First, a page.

Curtis Turner held off a late charge by Lee Petty to win the 150 lap NASCAR Grand National race on the 3/4 mile dirt Charlotte Speedway in Charlotte, North Carolina. Pole winner Fonty Flock led the first 46 laps in the "Red Devil" Olds 88 before Turner took the lead in his factory backed Nash Ambassador. Flock later retired with overheating problems. Turner took the checkered flag 1 second ahead of Petty's Plymouth to give Nash it's first and only GN win. 1949 Indy 500 winner Bill Holland escaped with a cut hand after nearly destroying his Plymouth in a flip with 10 laps to go. Holland was racing with NASCAR while serving a one year suspension imposed by the AAA for driving in an unsanctioned charity race at a Florida short track.
Sam Hanks won the AAA Midget race at the Pomona Speedway, Pomona, CA.
Rex White won the darkness shortened NASCAR GN 'Richmond 250' on a muddy 1/2 mile dirt Atlantic Rural Fairgrounds track in Richmond, Virginia. White took the lead from Ned Jarrett on lap 172 and the race was flagged 8 laps later. White and 2nd finisher Jarrett both drove Chevrolets. Ralph Moody's long retirement ended, but he parked his overheating Ford after 1 lap. Rain forced drivers to draw for starting spots and Herman "The Turtle" Beam drew the pole. On the pace lap, Beam drove into the pits and waited for the field to pass, later saying that he didn't want to start in front of all those "hot dogs".
Dale Earnhardt took his first career NASCAR GN win in the 'Southeastern 500' at Bristol International Raceway. Earnhardt, in the Rod Osterlund Chevy, took the lead with 25 laps to go and crossed the line 3 seconds ahead of Bobby Allison's Bud Moore Ford. Earnhardt's first win came in only his 16th start and the team's 3rd race with Jake Elder as crew chief.
Mario Andretti drove a Lola-Cosworth to victory in the CART Indy Car 'Long Beach Grand Prix', the first time Indy Cars had raced on the Long Beach Calif. street circuit. Geoff Brabham finished second and Tom Sneva third. Emerson Fittipaldi made his Indy Car debut.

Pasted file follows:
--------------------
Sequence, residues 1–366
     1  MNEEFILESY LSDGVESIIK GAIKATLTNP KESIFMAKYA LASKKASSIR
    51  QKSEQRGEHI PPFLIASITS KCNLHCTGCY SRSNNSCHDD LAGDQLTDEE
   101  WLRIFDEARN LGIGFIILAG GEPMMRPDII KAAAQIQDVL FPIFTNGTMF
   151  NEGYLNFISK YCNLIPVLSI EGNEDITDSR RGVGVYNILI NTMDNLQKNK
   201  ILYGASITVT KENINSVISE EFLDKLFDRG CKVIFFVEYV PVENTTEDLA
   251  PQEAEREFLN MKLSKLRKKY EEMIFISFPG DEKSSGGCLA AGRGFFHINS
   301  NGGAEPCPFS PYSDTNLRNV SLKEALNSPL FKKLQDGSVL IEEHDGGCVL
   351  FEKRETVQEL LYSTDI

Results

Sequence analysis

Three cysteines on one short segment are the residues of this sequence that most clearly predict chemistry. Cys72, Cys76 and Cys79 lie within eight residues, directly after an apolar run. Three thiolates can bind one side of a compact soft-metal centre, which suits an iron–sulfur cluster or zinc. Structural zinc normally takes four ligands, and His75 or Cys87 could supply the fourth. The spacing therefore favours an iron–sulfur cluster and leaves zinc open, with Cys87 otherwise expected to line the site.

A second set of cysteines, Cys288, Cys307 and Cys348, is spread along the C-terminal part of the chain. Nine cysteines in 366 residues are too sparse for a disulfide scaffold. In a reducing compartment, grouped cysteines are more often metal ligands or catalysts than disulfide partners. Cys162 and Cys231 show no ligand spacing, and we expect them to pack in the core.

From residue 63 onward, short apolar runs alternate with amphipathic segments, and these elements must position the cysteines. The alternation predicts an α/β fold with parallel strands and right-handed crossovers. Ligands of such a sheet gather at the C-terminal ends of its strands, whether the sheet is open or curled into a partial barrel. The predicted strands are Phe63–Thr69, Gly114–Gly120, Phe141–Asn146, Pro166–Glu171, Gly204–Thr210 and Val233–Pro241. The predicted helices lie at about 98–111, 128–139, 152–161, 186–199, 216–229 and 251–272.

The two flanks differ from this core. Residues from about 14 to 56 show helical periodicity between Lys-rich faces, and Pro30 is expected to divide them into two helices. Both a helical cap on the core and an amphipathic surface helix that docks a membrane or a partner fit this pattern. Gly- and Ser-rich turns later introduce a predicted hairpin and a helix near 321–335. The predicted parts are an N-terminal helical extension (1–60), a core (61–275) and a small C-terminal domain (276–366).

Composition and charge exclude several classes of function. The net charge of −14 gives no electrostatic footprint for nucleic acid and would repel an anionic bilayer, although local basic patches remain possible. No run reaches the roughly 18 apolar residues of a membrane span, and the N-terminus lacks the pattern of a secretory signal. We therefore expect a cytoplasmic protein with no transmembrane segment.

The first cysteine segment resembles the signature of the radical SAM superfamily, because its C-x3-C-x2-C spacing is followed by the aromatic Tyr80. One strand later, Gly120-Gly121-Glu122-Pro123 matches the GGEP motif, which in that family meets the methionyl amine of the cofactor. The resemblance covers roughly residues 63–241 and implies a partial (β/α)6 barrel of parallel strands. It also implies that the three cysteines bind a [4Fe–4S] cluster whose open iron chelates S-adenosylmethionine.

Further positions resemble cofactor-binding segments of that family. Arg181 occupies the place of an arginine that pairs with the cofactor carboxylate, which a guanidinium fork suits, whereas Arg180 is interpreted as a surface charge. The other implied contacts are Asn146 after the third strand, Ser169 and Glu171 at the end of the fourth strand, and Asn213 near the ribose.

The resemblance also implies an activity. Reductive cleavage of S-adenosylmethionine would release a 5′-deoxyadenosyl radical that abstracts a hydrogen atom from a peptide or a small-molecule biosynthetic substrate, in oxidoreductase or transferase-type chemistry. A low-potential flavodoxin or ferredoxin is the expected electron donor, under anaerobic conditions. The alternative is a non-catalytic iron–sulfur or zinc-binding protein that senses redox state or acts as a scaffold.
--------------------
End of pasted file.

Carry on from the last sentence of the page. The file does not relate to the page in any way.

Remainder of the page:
Darrell Waltrip wins the Valleydale 500 over Terry Labonte at the Bristol Motor Speedway , Bristol, TN.
Alan Kulwicki... Died ... NASCAR Winston Cup racecar driver. He arrived at the highest and most expensive level of stock car racing in the United States, with only a borrowed pickup truck, a race car, no sponsor, and a limited budget. Kulwicki was a perfectionist and liked doing things his way: his scientific methodology approach to NASCAR racing inspired the way teams are currently run.He is known for driving for his own race team during most of his NASCAR career. Kulwicki was the 1986 NASCAR Rookie of the Year, and won the 1992 Winston Cup by the closest margin in NASCAR history. In 1998 he was named one of NASCAR's 50 Greatest Drivers] and he was inducted into the International Motorsports Hall of Fame in 2002. Kulwicki's nicknames were "Special K" and the "Polish Prince". Kulwicki died in a plane crash on April 1, 1993 at age 38. He was returning in a Hooters corporate plane from an appearance at the Knoxville Hooters prior to the spring race at Bristol Motor Speedway.
Jumpin' Jack Johnson... Died ... Northeast modified legend Jack Johnson passed away after his long battle with ALS, he was 76. His iconic orange 12a is forever linked to his home track Fonda Speedway where he is the all-time win leader and owns most track titles. Jack was also the first New Yorker to win Syracuse. During a career that spanned 43 years Johnson won 428 races at 35 different tracks in 10 states and two Canadian provinces.